Every February investors wait with anxiousness, like children waiting for Santa Claus, for Mr. Buffett’s annual letter to shareholders of Berkshire Hathaway to be released – myself included.
Investors wait with anticipation and like many things, over analyze seemingly every word and punctuation mark to try to sort out clues as to what Mr. Buffett and team plan to do with their ever growing stock pile of cash, future succession plan, and overall views of the economy. The annual report is so revered because of Mr. Buffett’s ability to communicate some of the most complex items in the simplest terms.
This year one area specifically stood out to me, which were his comments around retained earnings.
Why this area in particular?
Well, in development of our investment strategy over the years, one area we focus in on is dividends and earnings. So it is not uncommon for someone to bring to our attention ‘What about X stock they have a good yield’….only to find out that their dividend payout ratio is basically taking all of their free cash flow to maintain (General Electric was the most recent example of this).
So what are retained earnings and the dividend payout ratio?
Retained earnings are just what they sound like – earnings left over after dividends have been paid to shareholders.
The dividend payout ratio is the percentage of earnings paid out to shareholders as dividends.
So simply put, for a company that is in a capital-intensive industry, it would be best to not have a dividend payout ratio near the top as they would have little money to put towards improving their business.
That being said, below is the section from the annual letter:
The Power of Retained Earnings
In 1924, Edgar Lawrence Smith, an obscure economist and financial advisor, wrote Common Stocks as Long Term Investments, a slim book that changed the investment world. Indeed, writing the book changed Smith himself, forcing him to reassess his own investment beliefs. Going in, he planned to argue that stocks would perform better than bonds during inflationary periods and that bonds would deliver superior returns during deflationary times. That seemed sensible enough. But Smith was in for a shock.
His book began, therefore, with a confession: “These studies are the record of a failure – the failure of facts to sustain a preconceived theory.” Luckily for investors, that failure led Smith to think more deeply about how stocks should be evaluated.
For the crux of Smith’s insight, I will quote an early reviewer of his book, none other than John Maynard Keynes: “I have kept until last what is perhaps Mr. Smith’s most important, and is certainly his most novel, point. Well-managed industrial companies do not, as a rule, distribute to the shareholders the whole of their earned profits. In good years, if not in all years, they retain a part of their profits and put them back into the business. Thus there is an element of compound interest (Keynes’ italics) operating in favour of a sound industrial investment. Over a period of years, the real value of the property of a sound industrial is increasing at compound interest, quite apart from the dividends paid out to the shareholders.”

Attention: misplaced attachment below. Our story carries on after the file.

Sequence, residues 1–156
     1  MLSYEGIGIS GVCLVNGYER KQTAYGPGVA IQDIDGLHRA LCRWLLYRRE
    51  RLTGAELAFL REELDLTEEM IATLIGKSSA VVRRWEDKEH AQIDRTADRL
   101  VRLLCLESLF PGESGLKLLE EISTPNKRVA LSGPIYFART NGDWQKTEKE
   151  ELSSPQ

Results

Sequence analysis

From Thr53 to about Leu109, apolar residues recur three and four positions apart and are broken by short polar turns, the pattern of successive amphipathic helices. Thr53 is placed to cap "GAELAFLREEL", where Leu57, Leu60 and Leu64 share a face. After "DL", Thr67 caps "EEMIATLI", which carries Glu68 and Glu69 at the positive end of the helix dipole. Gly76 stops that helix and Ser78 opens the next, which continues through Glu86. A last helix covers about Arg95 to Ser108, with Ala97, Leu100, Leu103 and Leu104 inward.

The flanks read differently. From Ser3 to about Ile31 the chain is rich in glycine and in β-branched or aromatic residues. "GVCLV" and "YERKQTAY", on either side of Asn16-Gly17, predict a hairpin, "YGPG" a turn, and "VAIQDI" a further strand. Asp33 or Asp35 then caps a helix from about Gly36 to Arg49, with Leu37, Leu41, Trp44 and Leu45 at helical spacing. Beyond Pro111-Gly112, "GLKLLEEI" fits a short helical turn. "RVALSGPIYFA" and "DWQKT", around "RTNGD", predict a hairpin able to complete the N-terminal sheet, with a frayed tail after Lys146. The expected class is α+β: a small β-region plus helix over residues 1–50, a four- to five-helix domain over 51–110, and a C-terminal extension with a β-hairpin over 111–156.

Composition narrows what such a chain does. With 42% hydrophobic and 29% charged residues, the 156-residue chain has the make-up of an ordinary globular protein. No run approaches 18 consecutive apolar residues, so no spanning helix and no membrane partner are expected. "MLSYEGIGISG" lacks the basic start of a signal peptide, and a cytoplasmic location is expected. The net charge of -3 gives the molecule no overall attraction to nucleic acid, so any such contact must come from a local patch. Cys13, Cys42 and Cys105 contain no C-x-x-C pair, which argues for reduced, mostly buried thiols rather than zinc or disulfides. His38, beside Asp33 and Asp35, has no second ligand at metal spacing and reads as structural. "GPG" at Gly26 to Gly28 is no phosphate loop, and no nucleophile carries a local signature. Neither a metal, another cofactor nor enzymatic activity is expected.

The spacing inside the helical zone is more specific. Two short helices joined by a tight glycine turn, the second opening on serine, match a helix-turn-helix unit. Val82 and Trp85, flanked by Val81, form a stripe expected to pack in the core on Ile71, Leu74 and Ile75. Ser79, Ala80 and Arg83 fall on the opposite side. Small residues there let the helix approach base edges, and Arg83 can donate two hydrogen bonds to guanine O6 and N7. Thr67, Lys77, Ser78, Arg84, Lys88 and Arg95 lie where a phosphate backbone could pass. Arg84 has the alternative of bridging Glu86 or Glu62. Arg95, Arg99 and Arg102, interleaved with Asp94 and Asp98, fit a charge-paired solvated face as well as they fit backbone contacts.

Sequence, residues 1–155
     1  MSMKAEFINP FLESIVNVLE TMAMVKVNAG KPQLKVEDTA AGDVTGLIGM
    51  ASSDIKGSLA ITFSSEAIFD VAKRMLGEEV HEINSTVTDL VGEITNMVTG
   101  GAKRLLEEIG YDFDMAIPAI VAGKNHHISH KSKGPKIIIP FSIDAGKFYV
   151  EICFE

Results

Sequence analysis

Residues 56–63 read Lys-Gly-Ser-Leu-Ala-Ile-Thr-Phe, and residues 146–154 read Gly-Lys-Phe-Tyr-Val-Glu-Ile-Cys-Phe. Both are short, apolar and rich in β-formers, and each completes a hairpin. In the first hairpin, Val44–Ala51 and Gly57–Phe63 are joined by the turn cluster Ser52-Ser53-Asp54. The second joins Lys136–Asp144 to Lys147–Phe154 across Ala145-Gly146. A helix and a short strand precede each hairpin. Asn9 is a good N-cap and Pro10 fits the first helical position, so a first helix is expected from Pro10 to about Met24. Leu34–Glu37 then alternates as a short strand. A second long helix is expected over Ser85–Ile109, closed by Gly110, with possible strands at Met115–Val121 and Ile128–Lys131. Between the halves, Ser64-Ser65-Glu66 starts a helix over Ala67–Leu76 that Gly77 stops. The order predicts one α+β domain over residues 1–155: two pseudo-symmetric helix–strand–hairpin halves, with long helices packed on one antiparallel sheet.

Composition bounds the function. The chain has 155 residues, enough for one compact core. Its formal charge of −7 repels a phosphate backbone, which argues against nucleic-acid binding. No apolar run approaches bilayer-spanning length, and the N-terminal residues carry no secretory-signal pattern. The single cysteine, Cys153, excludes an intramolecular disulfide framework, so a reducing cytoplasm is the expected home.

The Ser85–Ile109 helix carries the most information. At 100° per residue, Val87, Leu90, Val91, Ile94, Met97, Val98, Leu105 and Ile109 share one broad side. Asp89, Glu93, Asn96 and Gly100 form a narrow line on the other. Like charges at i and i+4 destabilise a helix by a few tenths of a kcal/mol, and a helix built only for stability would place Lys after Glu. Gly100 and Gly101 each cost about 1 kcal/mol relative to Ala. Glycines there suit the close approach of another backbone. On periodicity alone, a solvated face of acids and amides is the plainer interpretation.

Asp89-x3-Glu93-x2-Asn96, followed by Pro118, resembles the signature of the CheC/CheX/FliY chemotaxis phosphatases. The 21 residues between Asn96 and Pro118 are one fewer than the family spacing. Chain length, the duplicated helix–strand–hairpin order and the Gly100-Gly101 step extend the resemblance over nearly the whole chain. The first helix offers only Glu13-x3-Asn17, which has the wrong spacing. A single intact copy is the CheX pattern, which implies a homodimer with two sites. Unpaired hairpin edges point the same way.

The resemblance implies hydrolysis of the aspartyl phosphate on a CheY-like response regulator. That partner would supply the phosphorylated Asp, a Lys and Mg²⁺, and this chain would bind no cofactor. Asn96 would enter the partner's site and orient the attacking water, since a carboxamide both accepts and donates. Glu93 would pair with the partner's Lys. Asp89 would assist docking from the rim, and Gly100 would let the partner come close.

And with that sprinkling of holy water, Smith was no longer obscure.
It’s difficult to understand why retained earnings were unappreciated by investors before Smith’s book was published. After all, it was no secret that mind-boggling wealth had earlier been amassed by such titans as Carnegie, Rockefeller and Ford, all of whom had retained a huge portion of their business earnings to fund growth and produce ever-greater profits. Throughout America, also, there had long been small-time capitalists who became rich following the same playbook. Nevertheless, when business ownership was sliced into small pieces – “stocks” – buyers in the pre-Smith years usually thought of their shares as a short-term gamble on market movements. Even at their best, stocks were considered speculations. Gentlemen preferred bonds. Though investors were slow to wise up, the math of retaining and reinvesting earnings is now well understood. Today, school children learn what Keynes termed “novel”: combining savings with compound interest works wonders.
After reading this, it leads me to believe that Mr. Buffett is warning all of us about the dangers that lurk in companies with seemingly unsustainable dividends and that the payout ratios need to be carefully scrutinized.
I would relate it to a conversation I had with my daughter late last year when I asked her if she wanted to participate in a soccer camp near our house. She kind seemed disinterested and said ‘no, not really’. I mentioned to her that I know her goal is that she wants to get better, but if she didn’t invest the time in working to get better, eventually those whom she was currently outplaying would catch up and then pass her.’ She went to camp.
Same can be said for business, except at the end of the day, it’s lost revenue, not just not making a team.
The full text of Mr. Buffett’s letter can be read here.